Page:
LONDON: Both sides in the Yemen conflict have agreed to a new plan to redeploy their troops in the port of Hodeidah, the UN envoy to the country said on Monday.
The breakthrough comes months after a ceasefire deal for the port city was struck in Sweden between the Iran-backed Houthi militia and Yemeni government forces.
However, implemenetation of the deal in Hodeidah, which became the main focus of the conflict, has stalled with the Arab coalition supporting government troops accusing the Houthis of dozens of violations of the deal.
Martin Griffiths told a Security Council meeting that the breakthrough of the two sides agreeing to a new “detailed redeployment plan” for Hodeidah was “extremely welcome.”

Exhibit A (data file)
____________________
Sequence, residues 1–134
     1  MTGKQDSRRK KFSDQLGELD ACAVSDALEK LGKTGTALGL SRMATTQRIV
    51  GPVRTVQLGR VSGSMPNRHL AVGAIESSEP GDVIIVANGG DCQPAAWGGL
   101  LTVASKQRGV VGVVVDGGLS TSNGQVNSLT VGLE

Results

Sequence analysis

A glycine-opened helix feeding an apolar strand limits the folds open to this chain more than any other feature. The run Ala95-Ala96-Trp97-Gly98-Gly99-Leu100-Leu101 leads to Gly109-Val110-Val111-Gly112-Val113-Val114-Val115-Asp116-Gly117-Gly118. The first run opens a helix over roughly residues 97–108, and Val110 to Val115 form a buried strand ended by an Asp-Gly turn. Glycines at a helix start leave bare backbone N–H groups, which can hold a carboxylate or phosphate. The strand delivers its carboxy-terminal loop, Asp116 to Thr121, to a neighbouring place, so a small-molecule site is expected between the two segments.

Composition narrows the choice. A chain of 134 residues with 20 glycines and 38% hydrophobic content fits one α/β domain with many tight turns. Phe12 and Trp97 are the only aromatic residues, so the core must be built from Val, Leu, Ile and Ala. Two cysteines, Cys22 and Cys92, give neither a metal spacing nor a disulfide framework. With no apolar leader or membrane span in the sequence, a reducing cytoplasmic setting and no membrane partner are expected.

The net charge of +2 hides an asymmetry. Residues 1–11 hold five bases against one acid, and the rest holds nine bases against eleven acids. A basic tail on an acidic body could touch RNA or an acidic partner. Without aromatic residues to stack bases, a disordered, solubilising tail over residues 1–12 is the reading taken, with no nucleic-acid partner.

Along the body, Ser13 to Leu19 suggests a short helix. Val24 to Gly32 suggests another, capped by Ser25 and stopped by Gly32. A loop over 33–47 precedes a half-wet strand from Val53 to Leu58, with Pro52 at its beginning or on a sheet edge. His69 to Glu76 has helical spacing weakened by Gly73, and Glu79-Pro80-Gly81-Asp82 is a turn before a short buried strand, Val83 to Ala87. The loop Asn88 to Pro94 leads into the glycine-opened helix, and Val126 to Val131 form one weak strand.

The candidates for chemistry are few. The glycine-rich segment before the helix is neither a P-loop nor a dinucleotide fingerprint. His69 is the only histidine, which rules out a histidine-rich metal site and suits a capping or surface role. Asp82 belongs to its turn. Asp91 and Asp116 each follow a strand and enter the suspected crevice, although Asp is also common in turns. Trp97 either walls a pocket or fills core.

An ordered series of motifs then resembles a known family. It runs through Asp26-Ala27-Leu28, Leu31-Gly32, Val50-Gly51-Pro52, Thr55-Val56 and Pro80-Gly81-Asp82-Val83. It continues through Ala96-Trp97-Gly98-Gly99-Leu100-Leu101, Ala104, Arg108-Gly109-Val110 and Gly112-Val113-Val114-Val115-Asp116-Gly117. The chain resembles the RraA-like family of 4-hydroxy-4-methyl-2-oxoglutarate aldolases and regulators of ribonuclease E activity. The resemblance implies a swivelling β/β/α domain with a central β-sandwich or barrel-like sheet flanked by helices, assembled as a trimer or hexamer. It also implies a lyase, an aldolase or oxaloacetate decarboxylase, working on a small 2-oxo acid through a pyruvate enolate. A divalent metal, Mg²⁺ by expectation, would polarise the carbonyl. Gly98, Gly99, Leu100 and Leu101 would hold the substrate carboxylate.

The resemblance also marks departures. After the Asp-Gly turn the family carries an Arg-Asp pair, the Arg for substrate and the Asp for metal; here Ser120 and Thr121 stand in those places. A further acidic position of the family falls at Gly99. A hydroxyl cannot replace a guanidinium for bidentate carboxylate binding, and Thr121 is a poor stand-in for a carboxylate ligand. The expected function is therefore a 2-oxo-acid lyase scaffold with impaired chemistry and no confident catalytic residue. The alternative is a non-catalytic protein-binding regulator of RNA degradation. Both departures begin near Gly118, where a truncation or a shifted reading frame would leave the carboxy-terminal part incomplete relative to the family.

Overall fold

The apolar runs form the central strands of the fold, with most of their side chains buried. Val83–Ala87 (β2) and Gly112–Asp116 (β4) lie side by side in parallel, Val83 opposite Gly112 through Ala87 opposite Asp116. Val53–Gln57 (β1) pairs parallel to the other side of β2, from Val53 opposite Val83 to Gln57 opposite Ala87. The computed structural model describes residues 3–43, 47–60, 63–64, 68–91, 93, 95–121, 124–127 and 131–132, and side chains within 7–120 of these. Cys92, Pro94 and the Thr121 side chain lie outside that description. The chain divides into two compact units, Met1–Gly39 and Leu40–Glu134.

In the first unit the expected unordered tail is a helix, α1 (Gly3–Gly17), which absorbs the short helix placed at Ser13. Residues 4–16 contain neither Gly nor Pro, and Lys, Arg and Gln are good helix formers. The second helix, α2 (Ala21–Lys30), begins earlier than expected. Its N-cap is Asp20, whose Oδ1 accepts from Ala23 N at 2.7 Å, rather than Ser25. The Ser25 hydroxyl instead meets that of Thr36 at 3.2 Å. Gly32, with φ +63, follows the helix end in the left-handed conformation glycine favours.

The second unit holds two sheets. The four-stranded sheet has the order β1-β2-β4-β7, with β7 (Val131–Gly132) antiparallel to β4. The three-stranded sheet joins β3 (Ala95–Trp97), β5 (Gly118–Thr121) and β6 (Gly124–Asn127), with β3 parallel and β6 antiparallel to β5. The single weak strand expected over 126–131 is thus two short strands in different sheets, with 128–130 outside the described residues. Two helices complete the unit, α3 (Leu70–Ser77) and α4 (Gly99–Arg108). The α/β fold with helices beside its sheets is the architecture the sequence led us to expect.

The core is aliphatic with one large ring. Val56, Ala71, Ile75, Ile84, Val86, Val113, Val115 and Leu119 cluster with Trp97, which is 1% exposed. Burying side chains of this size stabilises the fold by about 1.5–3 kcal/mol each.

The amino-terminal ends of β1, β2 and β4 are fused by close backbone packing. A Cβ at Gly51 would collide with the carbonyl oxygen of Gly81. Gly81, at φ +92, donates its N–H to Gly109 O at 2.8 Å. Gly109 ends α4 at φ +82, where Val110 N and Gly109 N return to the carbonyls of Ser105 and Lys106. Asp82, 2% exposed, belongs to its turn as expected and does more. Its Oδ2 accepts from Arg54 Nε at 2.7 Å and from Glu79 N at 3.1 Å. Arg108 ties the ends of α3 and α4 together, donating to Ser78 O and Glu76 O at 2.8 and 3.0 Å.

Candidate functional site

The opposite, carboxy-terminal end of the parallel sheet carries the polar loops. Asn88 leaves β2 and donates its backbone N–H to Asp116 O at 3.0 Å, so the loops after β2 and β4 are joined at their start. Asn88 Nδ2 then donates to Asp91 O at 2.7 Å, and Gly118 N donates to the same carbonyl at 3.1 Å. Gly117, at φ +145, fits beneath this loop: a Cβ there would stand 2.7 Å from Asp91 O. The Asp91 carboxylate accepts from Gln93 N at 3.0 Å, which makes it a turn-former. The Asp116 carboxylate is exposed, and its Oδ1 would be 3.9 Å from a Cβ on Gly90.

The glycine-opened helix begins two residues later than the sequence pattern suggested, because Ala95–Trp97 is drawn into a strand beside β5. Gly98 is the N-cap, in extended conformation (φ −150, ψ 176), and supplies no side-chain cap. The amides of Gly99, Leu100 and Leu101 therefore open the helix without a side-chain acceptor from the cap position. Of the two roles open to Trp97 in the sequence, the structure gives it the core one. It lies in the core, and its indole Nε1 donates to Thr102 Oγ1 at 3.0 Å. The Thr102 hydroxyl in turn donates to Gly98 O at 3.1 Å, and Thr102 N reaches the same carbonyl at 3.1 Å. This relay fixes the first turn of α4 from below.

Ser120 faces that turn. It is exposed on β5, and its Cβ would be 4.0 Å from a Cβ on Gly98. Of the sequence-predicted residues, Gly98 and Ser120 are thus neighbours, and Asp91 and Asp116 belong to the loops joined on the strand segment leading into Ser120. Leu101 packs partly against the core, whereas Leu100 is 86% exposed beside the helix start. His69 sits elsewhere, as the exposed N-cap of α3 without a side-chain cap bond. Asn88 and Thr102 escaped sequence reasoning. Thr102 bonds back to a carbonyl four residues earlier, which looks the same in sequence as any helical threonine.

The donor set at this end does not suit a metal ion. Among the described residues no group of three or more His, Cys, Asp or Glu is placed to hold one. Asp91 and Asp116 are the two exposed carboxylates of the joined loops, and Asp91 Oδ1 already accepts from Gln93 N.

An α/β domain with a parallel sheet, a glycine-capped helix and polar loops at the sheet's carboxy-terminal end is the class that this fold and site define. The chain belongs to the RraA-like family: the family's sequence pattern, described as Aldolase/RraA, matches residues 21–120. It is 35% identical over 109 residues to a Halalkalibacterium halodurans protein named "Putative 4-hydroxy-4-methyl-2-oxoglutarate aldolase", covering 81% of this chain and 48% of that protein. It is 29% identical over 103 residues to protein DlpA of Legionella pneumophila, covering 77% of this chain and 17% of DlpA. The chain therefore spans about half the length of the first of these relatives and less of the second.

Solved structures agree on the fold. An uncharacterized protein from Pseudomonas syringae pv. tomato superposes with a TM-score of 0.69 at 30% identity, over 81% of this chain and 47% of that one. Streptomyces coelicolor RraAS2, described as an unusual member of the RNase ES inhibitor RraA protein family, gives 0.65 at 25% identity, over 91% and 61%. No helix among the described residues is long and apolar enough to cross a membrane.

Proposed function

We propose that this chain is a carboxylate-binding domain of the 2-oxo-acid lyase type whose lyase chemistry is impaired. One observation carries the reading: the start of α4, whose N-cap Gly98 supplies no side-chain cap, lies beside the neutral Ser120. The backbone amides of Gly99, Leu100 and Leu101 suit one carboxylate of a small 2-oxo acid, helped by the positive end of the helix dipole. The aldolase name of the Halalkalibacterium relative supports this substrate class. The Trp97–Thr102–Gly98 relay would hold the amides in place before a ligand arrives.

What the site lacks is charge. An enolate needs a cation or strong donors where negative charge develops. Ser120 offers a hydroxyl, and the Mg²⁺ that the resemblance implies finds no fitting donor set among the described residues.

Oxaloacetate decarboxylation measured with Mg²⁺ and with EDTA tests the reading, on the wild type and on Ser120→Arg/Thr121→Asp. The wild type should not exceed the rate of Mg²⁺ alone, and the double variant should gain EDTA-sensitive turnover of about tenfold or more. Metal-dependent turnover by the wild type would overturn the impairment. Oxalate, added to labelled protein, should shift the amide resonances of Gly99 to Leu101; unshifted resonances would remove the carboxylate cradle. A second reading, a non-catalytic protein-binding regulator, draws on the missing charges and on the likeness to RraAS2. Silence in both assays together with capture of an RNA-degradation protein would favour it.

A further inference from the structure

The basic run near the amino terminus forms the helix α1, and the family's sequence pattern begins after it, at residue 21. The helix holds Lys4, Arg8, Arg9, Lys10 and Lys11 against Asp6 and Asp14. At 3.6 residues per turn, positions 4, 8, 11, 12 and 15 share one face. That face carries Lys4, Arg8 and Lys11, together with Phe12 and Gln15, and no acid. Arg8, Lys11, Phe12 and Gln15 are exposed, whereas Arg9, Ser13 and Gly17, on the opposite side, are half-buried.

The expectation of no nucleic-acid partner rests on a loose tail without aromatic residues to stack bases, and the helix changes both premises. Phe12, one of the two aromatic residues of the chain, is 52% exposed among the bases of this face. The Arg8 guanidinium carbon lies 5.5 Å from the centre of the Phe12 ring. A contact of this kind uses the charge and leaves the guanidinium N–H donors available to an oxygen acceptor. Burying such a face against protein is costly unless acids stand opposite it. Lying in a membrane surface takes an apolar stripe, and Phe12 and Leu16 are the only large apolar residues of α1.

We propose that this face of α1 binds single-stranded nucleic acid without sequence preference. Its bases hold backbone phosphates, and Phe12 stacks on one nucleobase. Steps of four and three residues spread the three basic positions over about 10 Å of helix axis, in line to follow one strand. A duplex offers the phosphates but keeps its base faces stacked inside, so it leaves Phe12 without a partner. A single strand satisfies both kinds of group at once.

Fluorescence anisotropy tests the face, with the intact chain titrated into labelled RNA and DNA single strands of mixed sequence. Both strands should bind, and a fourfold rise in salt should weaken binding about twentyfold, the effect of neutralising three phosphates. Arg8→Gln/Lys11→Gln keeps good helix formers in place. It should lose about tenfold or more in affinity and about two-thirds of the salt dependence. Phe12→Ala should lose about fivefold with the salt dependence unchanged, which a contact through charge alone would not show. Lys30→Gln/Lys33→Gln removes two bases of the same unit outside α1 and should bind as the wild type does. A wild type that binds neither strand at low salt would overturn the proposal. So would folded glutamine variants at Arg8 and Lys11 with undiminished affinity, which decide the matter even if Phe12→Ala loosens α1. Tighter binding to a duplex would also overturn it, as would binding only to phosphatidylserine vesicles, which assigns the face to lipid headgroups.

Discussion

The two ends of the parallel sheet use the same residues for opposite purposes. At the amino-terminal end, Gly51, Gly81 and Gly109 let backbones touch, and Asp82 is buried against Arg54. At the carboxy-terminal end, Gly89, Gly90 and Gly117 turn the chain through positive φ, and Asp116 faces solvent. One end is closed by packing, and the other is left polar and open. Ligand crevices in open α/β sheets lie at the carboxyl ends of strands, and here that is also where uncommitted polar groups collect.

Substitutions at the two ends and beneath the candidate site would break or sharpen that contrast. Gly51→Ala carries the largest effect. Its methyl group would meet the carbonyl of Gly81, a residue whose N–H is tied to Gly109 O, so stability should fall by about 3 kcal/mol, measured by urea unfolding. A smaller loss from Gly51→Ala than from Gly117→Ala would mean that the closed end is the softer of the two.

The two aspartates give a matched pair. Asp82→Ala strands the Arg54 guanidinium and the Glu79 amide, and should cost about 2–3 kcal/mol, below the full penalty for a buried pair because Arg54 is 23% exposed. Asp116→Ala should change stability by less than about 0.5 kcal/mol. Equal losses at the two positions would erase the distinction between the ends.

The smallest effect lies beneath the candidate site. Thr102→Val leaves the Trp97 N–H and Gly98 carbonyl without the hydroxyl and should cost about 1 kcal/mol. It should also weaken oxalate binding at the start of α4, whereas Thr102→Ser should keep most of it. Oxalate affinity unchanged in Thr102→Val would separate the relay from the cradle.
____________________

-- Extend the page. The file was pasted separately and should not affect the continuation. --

He said the redeployment “would be the first voluntary withdrawal of forces in this long conflict.”
“We all need to see tangible progress in Hodeida before moving to focus on the political solution,” Griffiths added.
The detailed plan on the pullback was negotiated by Danish General Michael Lollesgaard who heads a UN monitoring mission.
Following the deal on the first stage, Lollesgaard will now focus on the second phase and seek to resolve disputes over the deployment of local forces in areas from where there has been a pullback.
UN diplomats have said the Houthis refused to pull away from Hodeida ports as part of the first stage.